PM vows to spend rest of life seeking reparations
KINGSTOWN, St. Vincent, March 15, IWN – Prime Minister Dr. Ralph Gonsalves says he will use the rest of his life to seek compensation from the British for land, genocide against the Garifuna, and slavery.
Gonsalves, who turns 67 in August, noted on Thursday — National Heroes Day — that the average lifespan of a Vincentian male is 74 years.
“If I only do the average, I will thank God for the average. But, I have seven more years, to talk like this, with the help of almighty God, and to demand a proper historical recompense for genocide, for the land, and for African slavery and for us to reclaim our history,” he said at the Wreath-Laying Ceremony at The Obelisk in honour of National Hero Joseph Chatoyer in Dorsetshire Hill.
Gonsalves reaffirmed the position of his government as stated at the United Nations and other fora that it is making a case and a claim for reparation from the British.
“I want to say that the quantification of what we are owed as reparations that quantification has to be complete with the appropriate technical work.”
He said the Cabinet will shortly name its Reparations Committee.
“But we want to see not only a reparations committee for St. Vincent but we want to see a Caribbean wide reparations committee involving other Caribbean countries. Jamaica has one, Antigua has one, Barbados has recently set up one,” he said.
Gonsalves said in the 18th Century the British took 90,000 acres of land from the Garifuna, the original inhabitants of St. Vincent.
“Imagine the price of 90,000 acres of land [today]. Even if you valued it then for 100 pounds an acre, … you are talking about EC$500 million for the land, [at] the least. And then, what value you are going to put on people’s lives? That’s a number we will have to talk about,” he said.
Gonsalves said that at Emancipation the British gave slave owners in the British Caribbean 20 million pounds.
He said a recent study by Dr. Nick Draper of the University College of London concluded that 20 million pounds then is about 16.58 billion pounds now.
“Just forgetting for a moment the institution of slavery itself, that’s what they paid the owners of the slaves. If you take half of that representing for the Caribbean, you are talking about 8.25 billion pounds for the English speaking Caribbean,” Gonsalves further said, adding that the figure is about EC$40 billion.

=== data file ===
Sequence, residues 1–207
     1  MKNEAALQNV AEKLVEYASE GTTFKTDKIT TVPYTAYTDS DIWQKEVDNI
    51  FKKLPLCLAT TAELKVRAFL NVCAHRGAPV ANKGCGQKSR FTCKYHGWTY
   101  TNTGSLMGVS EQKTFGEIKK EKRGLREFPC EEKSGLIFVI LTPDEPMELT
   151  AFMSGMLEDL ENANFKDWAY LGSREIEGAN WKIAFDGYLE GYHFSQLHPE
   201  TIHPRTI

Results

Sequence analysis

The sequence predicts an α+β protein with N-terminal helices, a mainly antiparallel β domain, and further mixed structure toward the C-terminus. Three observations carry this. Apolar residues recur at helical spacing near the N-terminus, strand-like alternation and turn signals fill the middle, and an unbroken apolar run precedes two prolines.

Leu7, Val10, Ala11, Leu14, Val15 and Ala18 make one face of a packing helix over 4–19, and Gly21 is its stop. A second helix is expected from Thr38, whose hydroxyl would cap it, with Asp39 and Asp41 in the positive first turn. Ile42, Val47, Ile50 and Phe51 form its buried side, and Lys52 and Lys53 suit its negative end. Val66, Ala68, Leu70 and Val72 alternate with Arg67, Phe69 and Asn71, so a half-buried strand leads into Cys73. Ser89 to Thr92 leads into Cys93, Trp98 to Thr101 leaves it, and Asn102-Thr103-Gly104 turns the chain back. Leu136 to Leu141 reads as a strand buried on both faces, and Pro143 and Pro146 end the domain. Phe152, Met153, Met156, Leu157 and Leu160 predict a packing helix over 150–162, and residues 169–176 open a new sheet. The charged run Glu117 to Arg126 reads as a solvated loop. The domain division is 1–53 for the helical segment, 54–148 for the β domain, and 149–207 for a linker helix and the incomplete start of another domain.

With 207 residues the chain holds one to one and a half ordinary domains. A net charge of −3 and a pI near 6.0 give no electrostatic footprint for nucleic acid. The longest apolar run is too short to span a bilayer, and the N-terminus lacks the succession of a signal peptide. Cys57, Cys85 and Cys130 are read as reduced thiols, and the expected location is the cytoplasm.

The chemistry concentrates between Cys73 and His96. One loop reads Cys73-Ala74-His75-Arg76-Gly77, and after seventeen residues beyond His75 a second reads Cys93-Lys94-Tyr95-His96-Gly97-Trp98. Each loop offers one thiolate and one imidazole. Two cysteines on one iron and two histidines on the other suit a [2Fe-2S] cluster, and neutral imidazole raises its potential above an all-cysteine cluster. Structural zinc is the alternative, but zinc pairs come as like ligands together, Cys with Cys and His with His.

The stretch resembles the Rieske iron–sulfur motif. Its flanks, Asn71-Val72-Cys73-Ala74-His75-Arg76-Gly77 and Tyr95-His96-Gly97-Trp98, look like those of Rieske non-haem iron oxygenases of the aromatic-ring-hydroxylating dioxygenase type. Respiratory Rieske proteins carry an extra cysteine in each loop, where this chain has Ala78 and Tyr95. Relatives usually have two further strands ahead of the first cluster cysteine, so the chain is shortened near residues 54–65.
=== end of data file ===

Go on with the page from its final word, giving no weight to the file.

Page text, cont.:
“Great homes in England — lord this and lord that — were financed by the compensation money for the slaves. So when I talk like this you, you have some people saying Ralph [is] against the British.
“I have nothing against the British. I have nothing but admiration for the British and their achievement but there are some things for which we must take account.”
He said that some people argue that the British gives aid to St. Vincent.
“Well, I rather they give me that (reparation) than give me some aid. I rather we settle that. This is a matter which can’t be settled in law court. But this is a matter where, politically, we have to raise our voices,” Gonsalves said.
“Read study and research and let us not get involved in … fights about who is going to be our next national hero,” he said.
George Augustus McIntosh, Ebenezer Theordore Joshua and Robert Milton Cato have so far been proposed for declaration as National Hero.
“Any of the names which come forward — one, two or three. And whatever is done by the act of the Governor General through the process, we must accept it and move on.”
Gonsalves further said he expects “those who have suffered from French and Spanish colonialism to make those same claims against the relevant or appropriate European powers”.